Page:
- If Roethlisberger is hurt, they lose. That’s happened once this year (Landry Jones started against the Patriots).
- If Roethlisberger (who is 34) has a bad game, they lose. That happened against the Bengals, Eagles, Dolphins and Ravens; they went 1-3 in those games.
- If the opposing defense keeps Brown out of the end zone, they lose. The Bengals, Eagles, Dolphins and Patriots did it; the Steelers went 1-3..
The trick is doing those things. Interestingly, Bell has missed three games, but the Steelers went 2-1 in those starts. He’s gained less than four years a carry in four of his six game– under 3.5 in three. The problem, as it almost always is, is a patchwork line C Maurkice Pouncey and G David DeCastro can play; everyone else protects as well as Alvin Bailey, Austin Pasztor or Cam Erving.
6. The Steelers try to diversify the supporting cast, but thy haven’t drafted that well. Also, it doesn’t matter who plays or what gets called. Roethlisberger is more than happy to try to jam the ball in to Brown. Brown is second in the NFL in pass targets this year, he was second in both 2014 and 2015 and fourth in 2013.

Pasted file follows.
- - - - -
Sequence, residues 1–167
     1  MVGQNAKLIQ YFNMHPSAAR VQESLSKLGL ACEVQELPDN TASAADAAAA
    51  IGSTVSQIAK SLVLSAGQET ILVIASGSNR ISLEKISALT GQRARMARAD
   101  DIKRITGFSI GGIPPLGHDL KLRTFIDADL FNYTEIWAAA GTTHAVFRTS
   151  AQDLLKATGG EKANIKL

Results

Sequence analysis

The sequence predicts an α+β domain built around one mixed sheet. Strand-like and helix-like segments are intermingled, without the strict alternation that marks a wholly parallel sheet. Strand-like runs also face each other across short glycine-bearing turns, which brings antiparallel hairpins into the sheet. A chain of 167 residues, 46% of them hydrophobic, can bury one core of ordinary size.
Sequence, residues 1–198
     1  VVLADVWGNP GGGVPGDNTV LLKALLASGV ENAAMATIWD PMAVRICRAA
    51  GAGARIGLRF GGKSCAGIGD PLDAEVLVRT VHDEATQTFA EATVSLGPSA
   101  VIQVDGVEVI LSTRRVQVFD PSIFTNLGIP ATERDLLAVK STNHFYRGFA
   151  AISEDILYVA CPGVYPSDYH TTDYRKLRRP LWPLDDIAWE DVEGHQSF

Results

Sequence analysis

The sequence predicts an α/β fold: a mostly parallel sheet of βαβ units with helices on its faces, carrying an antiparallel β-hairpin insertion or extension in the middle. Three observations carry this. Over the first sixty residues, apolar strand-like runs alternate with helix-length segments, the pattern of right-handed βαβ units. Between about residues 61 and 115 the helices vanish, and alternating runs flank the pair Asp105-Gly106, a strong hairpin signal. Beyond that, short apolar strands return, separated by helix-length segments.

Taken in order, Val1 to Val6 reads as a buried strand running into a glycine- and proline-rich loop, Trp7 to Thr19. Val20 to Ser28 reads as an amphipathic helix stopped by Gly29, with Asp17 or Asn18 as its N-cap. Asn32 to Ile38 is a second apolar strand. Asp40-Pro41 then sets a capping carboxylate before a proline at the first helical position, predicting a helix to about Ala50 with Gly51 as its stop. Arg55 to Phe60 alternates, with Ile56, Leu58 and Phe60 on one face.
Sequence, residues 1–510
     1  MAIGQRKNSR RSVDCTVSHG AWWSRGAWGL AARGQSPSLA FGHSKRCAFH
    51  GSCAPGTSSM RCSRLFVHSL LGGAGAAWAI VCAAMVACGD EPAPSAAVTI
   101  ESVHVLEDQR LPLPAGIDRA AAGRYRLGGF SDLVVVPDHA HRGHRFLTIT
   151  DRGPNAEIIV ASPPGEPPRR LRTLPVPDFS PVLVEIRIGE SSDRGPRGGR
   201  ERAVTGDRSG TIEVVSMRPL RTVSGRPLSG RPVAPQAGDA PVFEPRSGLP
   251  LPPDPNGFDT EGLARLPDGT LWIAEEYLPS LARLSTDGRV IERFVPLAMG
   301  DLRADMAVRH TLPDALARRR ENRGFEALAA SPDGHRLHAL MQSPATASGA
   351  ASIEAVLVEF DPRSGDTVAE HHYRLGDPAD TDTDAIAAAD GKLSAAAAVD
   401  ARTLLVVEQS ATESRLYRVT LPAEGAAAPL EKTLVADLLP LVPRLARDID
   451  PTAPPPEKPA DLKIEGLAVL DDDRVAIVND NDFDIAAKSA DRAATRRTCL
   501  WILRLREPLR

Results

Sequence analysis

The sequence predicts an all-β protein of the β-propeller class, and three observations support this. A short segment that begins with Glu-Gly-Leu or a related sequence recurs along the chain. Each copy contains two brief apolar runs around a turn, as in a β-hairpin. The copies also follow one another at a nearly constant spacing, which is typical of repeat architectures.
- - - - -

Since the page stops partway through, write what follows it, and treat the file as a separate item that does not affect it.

This year’s diversity begins with WR Sammie Coates, a #3 pick last year, who has 20 catches on 42 targets for 425 yards and 2 scores. TE Jesse James, a fifth-rounder a year ago, has 28 catches on 39 tries for 231 yards and three scores. It’s too early to say they won’t pan out yet.
Pittsburgh also has two undrafted free agents this year: WR Eli Rogers (23-35 for 280 yards and 2 scores) and TE Eli Grimble (10-19 for 98 yards and 1 score) .
The problem, historically, is that these intriguing guys never turn out to be good players. They drafted Markus Wheaton in the third round of 2013, so his rookie contract is about to expire. He has caught, in his 47 games (which already tells you something, he could have played in 57), 107 passes for 1,508 yards and 8 scores. That’s what a frontline receiver on a team that throws as often as the Steelers (seventh in attempts this year) do should be getting in a season.